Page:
I must go for a run tomorrow.

The Running Doldrums

I have a very serious case of the yips. The doldrums. Not running much and feeling less and less inclined to. A vague sense of, well, I should get back into it is all I can seem to muster.

Today I am off to run TELL, a 10-k charity race around the Imperial Palace. My sole motivation is that it will get me out of the house and into my running shoes. My third run in about 4 weeks. I don't know where it goes from here.

Tuesday, March 09, 2010

Tokyo Marathon 2010 - Photomagraphs

Here's some bloody photos of me bloody mara-bloody-thon.
the search result photos - Tokyo Marathon 2010 - All Sports Community
Uploaded with plasq's Skitch!

the search result photos - Tokyo Marathon 2010 - All Sports Community
Uploaded with plasq's Skitch!

the search result photos - Tokyo Marathon 2010 - All Sports Community
Uploaded with plasq's Skitch!

Tuesday, March 02, 2010

Don't trust your Garmin around tall buildings!

This picture shows the first couple of km of what my Garmin captured in the Tokyo Marathon versus the actual course. The original explorable map can be viewed here on my RunningAHEAD log. Zooming to the start and turning on the satellite view will soon show just how many tall buildings there are around here-- it is Nishi-Shinjuku after all. From past experience running through this area I knew the GPS data would be dodgy. For that and other reasons I took all my laps manually. This was a good move as the splits were all over-estimated and the total distance something like 43.5 km. I manually adjusted the distances after uploading to my log. Just look at that shocker of a did get much better from about 4 km, but other bad spots can be seen on the map. Just thought that might interest some of the Garmin users out there.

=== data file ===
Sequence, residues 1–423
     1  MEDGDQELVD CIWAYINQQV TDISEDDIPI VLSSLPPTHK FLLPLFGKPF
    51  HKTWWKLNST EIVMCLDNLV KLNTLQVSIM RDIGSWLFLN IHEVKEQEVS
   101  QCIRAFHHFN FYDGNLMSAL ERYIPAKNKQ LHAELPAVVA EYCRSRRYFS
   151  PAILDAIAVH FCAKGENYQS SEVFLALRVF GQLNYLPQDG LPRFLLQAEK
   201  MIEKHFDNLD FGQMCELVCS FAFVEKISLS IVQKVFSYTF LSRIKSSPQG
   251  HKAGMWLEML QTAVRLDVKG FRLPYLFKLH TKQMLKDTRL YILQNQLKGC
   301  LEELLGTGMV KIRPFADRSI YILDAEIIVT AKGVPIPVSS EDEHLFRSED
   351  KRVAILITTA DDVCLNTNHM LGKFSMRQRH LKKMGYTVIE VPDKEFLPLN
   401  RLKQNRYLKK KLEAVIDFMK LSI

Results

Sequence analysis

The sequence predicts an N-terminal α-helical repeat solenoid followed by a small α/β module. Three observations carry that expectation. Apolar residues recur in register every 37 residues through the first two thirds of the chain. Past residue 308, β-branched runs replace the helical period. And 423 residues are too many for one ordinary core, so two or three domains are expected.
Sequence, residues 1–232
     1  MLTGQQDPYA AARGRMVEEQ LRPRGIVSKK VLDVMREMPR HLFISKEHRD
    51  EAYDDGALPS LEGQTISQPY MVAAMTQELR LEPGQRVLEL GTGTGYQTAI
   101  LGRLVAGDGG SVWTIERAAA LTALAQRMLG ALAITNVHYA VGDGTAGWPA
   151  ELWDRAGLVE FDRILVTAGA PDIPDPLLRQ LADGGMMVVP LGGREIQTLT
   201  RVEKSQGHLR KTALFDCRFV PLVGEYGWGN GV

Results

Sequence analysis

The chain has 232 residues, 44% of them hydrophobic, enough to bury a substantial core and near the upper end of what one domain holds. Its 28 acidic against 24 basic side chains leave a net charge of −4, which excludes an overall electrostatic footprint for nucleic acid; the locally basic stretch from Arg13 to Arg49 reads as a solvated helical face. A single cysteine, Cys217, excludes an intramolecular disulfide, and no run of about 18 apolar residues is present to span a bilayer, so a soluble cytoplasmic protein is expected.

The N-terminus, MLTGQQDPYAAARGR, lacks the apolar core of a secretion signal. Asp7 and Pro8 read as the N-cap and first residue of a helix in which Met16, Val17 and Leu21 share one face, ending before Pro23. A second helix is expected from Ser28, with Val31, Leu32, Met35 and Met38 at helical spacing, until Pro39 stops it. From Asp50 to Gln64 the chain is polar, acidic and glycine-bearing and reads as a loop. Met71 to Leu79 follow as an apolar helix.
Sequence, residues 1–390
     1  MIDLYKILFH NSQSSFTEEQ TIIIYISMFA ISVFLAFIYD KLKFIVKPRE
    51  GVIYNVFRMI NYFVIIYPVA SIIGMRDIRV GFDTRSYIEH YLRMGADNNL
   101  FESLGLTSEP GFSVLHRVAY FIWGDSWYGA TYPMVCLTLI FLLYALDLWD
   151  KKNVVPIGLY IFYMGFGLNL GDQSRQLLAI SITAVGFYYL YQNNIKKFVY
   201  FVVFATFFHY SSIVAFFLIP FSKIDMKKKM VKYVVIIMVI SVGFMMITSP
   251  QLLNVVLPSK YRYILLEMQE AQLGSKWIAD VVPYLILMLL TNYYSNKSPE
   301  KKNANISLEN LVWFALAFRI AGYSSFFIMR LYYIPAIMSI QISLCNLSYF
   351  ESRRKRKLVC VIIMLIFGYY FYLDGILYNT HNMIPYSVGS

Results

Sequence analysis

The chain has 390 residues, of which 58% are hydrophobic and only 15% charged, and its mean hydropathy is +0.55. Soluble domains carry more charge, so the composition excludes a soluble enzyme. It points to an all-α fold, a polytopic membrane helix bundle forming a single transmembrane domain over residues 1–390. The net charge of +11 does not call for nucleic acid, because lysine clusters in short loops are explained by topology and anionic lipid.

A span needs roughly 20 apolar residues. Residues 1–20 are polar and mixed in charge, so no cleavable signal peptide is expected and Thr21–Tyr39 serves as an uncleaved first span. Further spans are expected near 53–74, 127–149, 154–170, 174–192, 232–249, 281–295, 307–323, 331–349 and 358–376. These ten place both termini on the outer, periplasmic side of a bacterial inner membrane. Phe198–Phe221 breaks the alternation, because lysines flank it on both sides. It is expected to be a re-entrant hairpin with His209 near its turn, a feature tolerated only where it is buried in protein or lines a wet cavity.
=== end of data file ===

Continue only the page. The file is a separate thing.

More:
Note: we are proud owners of a brand spanking new iMac. This screen grab was obtained and edited with Skitch, uploaded to the Skitch host and then dropped here. All very quick and painless. This was my test post.